|The Greeks may have had a word for them, but Hollywood had at least two names for their movie.|
The flick: Three Broadway Girls (originally released as The Greeks Had a Word for Them* by United Artists, 1932; rereleased and retitled by Astor Pictures, 1947) [buy the set]
*The movie is based on a Zoe Akins play called The Greeks Had a Word for It; Zoe won a Pulitzer, but not for this.
Current IMDb rating: 6.5
Director: Lowell Sherman (successful actor-director of the 1920s and '30s; directed Mae West's She Done Him Wrong; also cameoed in The Stolen Jools; died two years after this while making a film called Becky Sharp)
|Seductress Jean (Ina Claire) plies her trade.|
The humiliated Polaire gets into a cab, which crashes into a milk truck. She survives, but the accident puts her in the hospital. As Schatzi predicted, Jean and Feldman's relationship doesn't last. When Dey finds out Polaire is in the hospital, he rushes to visit her and their romance is immediately rekindled, resulting in an engagement. Seeking revenge, Jean frames Polaire for stealing a strand of pearls, humiliating Polaire in front of both Dey and Dey's wealthy father, Justin Emery (Smalley). Dey and Polaire break up, and Jean ends up engaged to Justin! On the day of Justin and Jean's wedding, Schatzi and Polaire show up at the Emery home, supposedly to retrieve a good luck charm Jean borrowed from Polaire. Instead, they get Jean drunk and convince her to accompany them on a trip to Paris. The three women sneak out of the house while the wedding guests are arriving. Realizing he can't live without Polaire, Dey chases after them, hoping to catch them before they board a cruise ship bound for Europe.
My take: "Throughout the Ages, half of the women of the world have been working women... and the rest have been working men." So says the not-too-funny caption which begins this slight, forgettable battle-of-the-sexes comedy. Three Broadway Girls plays like a Prohibition-era version of a TV sitcom I wouldn't normally watch. It's about three worthless young women who spend their lives in pursuit of some equally worthless men. The characters party, drink, smoke, and lounge around constantly, and no one seems to have any real problems. So it was difficult to give a good goddamn what happened to these folks.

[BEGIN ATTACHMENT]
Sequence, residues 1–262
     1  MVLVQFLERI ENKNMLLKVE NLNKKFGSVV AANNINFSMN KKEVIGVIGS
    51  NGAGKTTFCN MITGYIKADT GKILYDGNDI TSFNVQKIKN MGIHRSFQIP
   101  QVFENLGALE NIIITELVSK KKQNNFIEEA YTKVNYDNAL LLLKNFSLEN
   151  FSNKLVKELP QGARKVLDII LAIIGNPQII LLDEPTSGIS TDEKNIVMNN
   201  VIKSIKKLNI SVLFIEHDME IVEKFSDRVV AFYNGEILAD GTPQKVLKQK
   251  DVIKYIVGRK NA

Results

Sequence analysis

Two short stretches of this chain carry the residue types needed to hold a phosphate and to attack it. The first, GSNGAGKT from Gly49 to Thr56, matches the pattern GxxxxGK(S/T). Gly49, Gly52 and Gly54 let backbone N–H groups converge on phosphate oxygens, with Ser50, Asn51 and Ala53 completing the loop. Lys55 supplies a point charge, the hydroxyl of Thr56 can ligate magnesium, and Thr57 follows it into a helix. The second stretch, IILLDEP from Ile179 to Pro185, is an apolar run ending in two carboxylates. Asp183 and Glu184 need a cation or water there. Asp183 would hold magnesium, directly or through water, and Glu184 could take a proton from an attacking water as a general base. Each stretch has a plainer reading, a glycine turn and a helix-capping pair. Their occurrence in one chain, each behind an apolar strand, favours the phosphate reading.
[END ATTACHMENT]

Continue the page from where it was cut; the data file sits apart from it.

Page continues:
As indicated above, this movie was based on a successful stage play, and its roots in the theater are fairly obvious. This is a very talky, set-bound movie which is limited to a small handful of locations. Director Lowell Sherman, who is also fairly funny as pianist Boris Feldman, moves his camera around a little more than other low-budget comedy directors of the era, but there's no disguising the claustrophobia of this movie. The script is very heavy on self-consciously witty banter, and I think it might have played a little better with a live audience. Onscreen, it just kind of lays there, and the film feels inert and airless.
The trio of actresses at the center try to overcompensate by saying their lines with a lot of nervous energy, but it gets kind of shouty and annoying for my taste. Maybe they're trying to distract us from the fact that the so-called "friendship" between Jean and the two other girls is simply not believable. You could almost call Jean a "frenemy" to Schatzi and Polaire, but she never does a single nice thing for either of them and is eternally ungrateful. selfish, and duplicitous. Why were they ever friends with this woman in the first place? The likely reason is that the movie desperately needs a "wild card" character such as Jean to enliven the proceedings.
Joan Blondell and Madge Evans are given underwritten, unexciting roles, while outrageous, wisecracking Ina Claire walks away with the film and seems to be the only one really having any fun here. It's no surprise that Lowell Sherman also directed a Mae West film, since the sex-loving, man-hungry Jean is very West-like in Three Broadway Girls. She seems to have very little in common with the two others. The character of Jean, then, is both an asset and a liability to this film. She gets most of the script's funniest lines, but her character is so implausible that she's a distraction.
Is it funny: Well, I'd say I got a good, solid laugh about once every 10-15 minutes during Three Broadway Girls. The flirtatious game of cat-and-mouse between Jean and Feldman is good for a few slightly naughty chuckles, and I liked how utterly unimpressed Jean was by Feldman's concertizing. She blatantly snoozes through the one recital she attends and informs Feldman on their first meeting that she hates music. I also liked how Jean skillfully cons a fellow cruise ship passenger into paying for her hefty bar tab early in the movie. There are a few amusing moments that don't involve Jean, too, as when a drunk bumps into a snooty maitre d'.
Drunk: Waiter, I'm looking for a place to wash my hands.
Waiter: (gesturing) There's a room there marked "Gentlemen," but don't let that stop you. You go right in.Now I'm waiting for an opportunity to use that line in real life. By the way, there's some good visual humor in the film, too, as when Schatzi and Jean meet at a beauty parlor where women pay to have their hair attached to what look like dozens of ceiling-mounted electrodes.
My grade: C+
P.S. - Racial/ethnic content is fairly low in this flick. Much is made of Jean's status as an "Eye-talian," but I couldn't be sure if it was supposed to be a compliment or an insult. There are a few African-American servant (or servile) characters seen in the background, including our old pal Louise Beavers, but nothing offensive.